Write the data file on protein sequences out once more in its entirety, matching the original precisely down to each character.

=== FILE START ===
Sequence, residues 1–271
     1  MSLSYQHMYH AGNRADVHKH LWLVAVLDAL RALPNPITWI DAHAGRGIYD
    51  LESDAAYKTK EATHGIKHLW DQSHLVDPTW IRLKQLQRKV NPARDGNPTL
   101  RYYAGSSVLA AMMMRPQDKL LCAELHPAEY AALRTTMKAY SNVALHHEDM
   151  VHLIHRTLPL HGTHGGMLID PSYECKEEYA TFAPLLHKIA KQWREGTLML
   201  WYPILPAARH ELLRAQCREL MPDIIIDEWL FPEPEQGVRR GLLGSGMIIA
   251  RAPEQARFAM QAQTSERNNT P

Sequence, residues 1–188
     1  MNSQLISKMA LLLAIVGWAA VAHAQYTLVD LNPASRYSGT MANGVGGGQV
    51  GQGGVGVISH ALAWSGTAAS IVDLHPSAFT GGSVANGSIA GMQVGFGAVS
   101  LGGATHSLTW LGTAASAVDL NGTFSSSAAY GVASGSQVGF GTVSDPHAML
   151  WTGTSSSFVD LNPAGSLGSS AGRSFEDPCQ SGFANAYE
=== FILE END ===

Sequence, residues 1–271
     1  MSLSYQHMYH AGNRADVHKH LWLVAVLDAL RALPNPITWI DAHAGRGIYD
    51  LESDAAYKTK EATHGIKHLW DQSHLVDPTW IRLKQLQRKV NPARDGNPTL
   101  RYYAGSSVLA AMMMRPQDKL LCAELHPAEY AALRTTMKAY SNVALHHEDM
   151  VHLIHRTLPL HGTHGGMLID PSYECKEEYA TFAPLLHKIA KQWREGTLML
   201  WYPILPAARH ELLRAQCREL MPDIIIDEWL FPEPEQGVRR GLLGSGMIIA
   251  RAPEQARFAM QAQTSERNNT P

Sequence, residues 1–188
     1  MNSQLISKMA LLLAIVGWAA VAHAQYTLVD LNPASRYSGT MANGVGGGQV
    51  GQGGVGVISH ALAWSGTAAS IVDLHPSAFT GGSVANGSIA GMQVGFGAVS
   101  LGGATHSLTW LGTAASAVDL NGTFSSSAAY GVASGSQVGF GTVSDPHAML
   151  WTGTSSSFVD LNPAGSLGSS AGRSFEDPCQ SGFANAYE